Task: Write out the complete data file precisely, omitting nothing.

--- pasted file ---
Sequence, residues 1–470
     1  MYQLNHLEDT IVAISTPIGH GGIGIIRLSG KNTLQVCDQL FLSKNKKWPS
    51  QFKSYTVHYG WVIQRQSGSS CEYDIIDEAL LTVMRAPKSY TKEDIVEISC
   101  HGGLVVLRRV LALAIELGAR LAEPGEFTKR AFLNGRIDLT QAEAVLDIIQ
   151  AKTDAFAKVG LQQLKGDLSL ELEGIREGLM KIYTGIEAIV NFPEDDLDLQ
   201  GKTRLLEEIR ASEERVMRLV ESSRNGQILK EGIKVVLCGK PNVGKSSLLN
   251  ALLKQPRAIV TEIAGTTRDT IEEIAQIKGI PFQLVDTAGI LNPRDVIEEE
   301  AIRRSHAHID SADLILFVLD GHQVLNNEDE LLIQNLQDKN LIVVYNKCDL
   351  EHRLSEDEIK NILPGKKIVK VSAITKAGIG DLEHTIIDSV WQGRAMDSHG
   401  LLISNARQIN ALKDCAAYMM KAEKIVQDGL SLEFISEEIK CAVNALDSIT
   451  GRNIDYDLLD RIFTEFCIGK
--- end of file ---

Sequence, residues 1–470
     1  MYQLNHLEDT IVAISTPIGH GGIGIIRLSG KNTLQVCDQL FLSKNKKWPS
    51  QFKSYTVHYG WVIQRQSGSS CEYDIIDEAL LTVMRAPKSY TKEDIVEISC
   101  HGGLVVLRRV LALAIELGAR LAEPGEFTKR AFLNGRIDLT QAEAVLDIIQ
   151  AKTDAFAKVG LQQLKGDLSL ELEGIREGLM KIYTGIEAIV NFPEDDLDLQ
   201  GKTRLLEEIR ASEERVMRLV ESSRNGQILK EGIKVVLCGK PNVGKSSLLN
   251  ALLKQPRAIV TEIAGTTRDT IEEIAQIKGI PFQLVDTAGI LNPRDVIEEE
   301  AIRRSHAHID SADLILFVLD GHQVLNNEDE LLIQNLQDKN LIVVYNKCDL
   351  EHRLSEDEIK NILPGKKIVK VSAITKAGIG DLEHTIIDSV WQGRAMDSHG
   401  LLISNARQIN ALKDCAAYMM KAEKIVQDGL SLEFISEEIK CAVNALDSIT
   451  GRNIDYDLLD RIFTEFCIGK